Orasa Pitakserichal is one happy woman. She takes joy in her job and delights in the interactions with her customers. “I love talking to people,” Orasa says in a heavy accent, having moved here only a few years ago from her home in Thailand. “It’s like family here. The owners, the staff, the customers—everybody is so nice. It makes it a very happy place to be.” And who doesn’t want to be in a happy place? Orasa continues that it’s more than the smiles that keep patrons coming back, “Everybody is so pleased when they try the food, and it gives me so much pride. It’s nice to talk with customers and make them feel good. I like to see the customers come and enjoy themselves.”
Indigenous | Manager
“I love that you never know what’s coming to the door, it’s always different,” says Adam Bolduc, one of this writer’s favorite waiters in town. “You’re constantly surrounded by characters, both coworkers and customers, which keeps it interesting and never dull.” And Adam knows characters: His first job was being a popcorn salesman on Disney’s Main Street in the Magic Kingdom when he was a kid. Nowadays, Adam looks to learning to keep things exciting. “Knowledge means a lot in our industry. Knowing and loving food and beverages is important and allows you to teach the customers. Educating someone gives me the most pride. Take the Brussels sprouts salad, for example. Educating a 60-year-old man on why this dish is different than what his mom used to make, a man who refused to eat them his whole life, and watching him have a new love and appreciation for this vegetable… It makes my day.”
Tommy Bahama | General Manager
“My mom had a restaurant when I was growing up and I just kind of fell in love with the whole industry,” says Thai Branton. Just like the others in this article, for him making people happy is what it’s all about. “That’s the number one rule here: Make sure the guests leave happy. If you do that, you’ll always have pride in what you do.” Turns out, happiness and pride seem to be the main ingredients in a delicious meal. But, for Branton, it goes beyond pride. “At Tommy Bahama we give service that cares. It’s not just service with a smile, we truly, genuinely care. We find out what our guests’ needs are and we make the effort to accommodate them.”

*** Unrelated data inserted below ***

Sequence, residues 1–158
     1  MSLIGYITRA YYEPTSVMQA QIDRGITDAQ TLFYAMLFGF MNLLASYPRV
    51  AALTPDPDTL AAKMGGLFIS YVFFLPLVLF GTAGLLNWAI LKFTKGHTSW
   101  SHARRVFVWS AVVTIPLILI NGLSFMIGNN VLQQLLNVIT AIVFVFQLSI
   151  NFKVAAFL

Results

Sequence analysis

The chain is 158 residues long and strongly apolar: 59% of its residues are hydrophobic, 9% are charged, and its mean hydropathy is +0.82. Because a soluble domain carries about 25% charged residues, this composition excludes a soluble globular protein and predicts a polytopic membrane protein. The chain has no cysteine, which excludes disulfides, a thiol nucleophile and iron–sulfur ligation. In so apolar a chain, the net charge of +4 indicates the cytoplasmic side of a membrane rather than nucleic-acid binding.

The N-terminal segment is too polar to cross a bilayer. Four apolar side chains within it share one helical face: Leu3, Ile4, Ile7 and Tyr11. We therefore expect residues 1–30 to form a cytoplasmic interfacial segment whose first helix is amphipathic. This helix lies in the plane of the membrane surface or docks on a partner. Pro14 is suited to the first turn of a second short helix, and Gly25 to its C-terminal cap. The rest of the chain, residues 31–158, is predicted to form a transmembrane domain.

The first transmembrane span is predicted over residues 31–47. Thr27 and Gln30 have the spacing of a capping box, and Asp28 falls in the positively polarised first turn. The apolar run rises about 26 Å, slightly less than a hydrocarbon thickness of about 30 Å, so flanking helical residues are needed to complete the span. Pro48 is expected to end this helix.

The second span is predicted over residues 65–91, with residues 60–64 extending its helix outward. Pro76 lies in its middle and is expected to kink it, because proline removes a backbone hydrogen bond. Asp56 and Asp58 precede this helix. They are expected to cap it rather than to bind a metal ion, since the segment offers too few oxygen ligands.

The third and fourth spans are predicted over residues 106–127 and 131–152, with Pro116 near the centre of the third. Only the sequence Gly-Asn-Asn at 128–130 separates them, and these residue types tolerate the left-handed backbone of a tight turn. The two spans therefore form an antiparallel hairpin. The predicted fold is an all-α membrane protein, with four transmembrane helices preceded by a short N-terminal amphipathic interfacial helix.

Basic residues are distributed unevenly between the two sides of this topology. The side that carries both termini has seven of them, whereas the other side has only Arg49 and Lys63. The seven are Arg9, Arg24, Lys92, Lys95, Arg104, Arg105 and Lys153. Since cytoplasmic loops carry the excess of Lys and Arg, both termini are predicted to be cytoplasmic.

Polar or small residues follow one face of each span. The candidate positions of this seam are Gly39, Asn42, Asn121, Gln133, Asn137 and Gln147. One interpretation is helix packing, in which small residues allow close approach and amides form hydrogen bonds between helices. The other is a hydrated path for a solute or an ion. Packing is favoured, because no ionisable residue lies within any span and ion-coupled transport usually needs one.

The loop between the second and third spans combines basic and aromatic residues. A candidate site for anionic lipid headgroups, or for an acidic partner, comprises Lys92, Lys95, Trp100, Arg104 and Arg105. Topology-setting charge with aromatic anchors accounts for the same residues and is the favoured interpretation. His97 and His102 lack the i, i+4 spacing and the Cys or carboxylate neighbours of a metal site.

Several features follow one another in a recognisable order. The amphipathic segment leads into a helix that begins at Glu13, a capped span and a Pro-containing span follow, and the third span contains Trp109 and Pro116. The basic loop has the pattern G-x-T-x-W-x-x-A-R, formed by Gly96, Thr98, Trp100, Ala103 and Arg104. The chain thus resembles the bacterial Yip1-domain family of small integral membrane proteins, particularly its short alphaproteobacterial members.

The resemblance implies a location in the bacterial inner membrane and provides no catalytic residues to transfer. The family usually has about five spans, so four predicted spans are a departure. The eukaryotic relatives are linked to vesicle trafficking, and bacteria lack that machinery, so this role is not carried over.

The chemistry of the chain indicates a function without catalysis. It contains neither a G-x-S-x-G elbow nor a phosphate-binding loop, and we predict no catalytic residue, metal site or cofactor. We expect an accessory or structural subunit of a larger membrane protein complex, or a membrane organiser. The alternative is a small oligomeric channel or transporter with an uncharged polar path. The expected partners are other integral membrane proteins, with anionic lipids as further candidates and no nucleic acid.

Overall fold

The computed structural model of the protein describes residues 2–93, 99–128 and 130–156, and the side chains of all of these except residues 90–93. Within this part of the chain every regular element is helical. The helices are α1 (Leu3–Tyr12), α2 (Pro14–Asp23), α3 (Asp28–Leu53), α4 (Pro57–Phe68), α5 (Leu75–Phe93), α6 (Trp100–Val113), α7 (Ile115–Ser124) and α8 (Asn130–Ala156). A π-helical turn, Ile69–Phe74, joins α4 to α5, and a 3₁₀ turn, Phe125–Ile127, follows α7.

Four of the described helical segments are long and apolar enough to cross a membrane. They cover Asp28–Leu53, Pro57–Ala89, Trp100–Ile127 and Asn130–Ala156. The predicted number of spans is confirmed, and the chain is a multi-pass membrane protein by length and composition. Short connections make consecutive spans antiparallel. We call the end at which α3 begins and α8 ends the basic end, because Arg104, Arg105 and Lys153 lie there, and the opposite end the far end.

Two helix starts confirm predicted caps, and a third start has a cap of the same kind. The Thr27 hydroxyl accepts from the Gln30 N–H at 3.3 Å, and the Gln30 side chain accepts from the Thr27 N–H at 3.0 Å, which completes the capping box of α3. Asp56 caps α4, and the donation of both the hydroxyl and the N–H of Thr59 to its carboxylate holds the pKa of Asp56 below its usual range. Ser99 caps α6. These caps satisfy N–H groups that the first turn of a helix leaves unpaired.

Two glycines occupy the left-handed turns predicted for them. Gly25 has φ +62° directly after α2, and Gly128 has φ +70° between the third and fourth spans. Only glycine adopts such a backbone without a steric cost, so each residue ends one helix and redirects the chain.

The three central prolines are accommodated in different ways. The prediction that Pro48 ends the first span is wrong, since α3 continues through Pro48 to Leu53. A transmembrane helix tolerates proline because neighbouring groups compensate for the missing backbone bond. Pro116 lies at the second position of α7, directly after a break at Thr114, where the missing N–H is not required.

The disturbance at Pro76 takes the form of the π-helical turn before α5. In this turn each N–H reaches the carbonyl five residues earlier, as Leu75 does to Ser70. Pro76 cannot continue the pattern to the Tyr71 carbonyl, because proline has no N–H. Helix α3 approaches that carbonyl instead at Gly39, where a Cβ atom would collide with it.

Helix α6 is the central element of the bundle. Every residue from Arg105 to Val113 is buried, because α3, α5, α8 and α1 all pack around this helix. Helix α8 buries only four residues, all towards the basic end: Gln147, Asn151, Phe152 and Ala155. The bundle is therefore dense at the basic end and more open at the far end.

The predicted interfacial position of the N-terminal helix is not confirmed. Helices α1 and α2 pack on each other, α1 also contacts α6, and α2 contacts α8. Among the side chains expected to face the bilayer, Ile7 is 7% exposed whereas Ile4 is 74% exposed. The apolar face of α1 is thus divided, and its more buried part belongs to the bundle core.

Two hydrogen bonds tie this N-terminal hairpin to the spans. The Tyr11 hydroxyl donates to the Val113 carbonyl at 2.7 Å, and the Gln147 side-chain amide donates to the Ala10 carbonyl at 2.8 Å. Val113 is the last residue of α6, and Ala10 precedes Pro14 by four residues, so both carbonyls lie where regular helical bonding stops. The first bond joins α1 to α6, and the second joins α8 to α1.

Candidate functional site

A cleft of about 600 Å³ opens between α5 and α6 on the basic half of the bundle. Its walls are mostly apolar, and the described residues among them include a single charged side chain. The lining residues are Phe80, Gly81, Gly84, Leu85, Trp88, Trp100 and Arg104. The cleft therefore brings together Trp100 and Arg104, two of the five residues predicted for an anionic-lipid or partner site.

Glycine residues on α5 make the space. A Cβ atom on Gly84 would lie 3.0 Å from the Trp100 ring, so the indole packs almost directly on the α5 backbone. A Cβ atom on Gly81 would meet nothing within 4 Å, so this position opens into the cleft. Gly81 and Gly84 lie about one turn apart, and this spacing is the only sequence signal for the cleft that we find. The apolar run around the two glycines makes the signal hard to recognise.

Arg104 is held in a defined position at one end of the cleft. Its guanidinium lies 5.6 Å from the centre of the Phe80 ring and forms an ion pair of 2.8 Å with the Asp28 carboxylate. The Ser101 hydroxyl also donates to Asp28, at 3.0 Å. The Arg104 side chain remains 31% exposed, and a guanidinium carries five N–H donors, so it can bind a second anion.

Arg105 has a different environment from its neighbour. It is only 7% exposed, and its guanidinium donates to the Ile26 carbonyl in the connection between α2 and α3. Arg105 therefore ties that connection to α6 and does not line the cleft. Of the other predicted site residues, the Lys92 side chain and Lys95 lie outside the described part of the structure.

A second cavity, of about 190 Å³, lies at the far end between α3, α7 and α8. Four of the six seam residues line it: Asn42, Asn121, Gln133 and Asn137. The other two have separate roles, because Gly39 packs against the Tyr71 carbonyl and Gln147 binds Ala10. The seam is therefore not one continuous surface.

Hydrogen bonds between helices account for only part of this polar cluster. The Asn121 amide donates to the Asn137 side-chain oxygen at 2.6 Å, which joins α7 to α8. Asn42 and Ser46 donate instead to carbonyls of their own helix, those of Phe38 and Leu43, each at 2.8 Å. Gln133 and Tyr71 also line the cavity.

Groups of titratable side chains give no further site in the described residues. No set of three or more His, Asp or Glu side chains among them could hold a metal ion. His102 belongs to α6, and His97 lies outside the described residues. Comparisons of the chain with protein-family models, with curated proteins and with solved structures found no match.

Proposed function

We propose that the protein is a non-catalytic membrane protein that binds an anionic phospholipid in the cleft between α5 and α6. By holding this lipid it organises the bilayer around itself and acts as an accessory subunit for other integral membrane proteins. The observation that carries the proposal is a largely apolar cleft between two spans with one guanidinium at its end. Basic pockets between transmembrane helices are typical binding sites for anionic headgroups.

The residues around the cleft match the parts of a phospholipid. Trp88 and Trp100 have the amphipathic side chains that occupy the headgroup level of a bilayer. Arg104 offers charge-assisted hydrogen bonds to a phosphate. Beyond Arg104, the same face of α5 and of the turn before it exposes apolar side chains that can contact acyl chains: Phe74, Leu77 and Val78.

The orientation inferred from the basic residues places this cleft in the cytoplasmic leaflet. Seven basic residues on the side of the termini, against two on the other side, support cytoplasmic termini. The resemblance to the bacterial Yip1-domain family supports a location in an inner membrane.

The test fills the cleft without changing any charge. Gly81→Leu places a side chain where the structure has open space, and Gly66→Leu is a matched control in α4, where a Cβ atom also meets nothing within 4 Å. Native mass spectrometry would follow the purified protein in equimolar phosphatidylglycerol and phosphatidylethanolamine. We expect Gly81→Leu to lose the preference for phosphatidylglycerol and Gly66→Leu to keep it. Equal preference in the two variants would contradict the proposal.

Polo Grill and Bar | Bartender
Jim Pollet has a theory: “When you go out for dinner or drinks,” he hypothesizes, “it’s not about either of those things. Otherwise you’d sit at home with takeout. It’s about an experience. As a bartender, I like reading people and understanding what that experience means to them. You can tell a lot of things about people sitting at a bar, like if they want to be left alone on their first date or if they are snowbirds looking to be entertained. Not everybody is looking for the same experience.” Jim is a master at tailoring an experience. Before Sarasota, Jim learned how to connect with a crowd, big or small, in the nightclubs of Detroit. Although Polo Grill doesn’t need him perfecting his Fireball bottle flipping routine any time soon, it sure doesn’t hurt to have a man who knows his drinks (and knows his drinkers) standing ready behind the bar.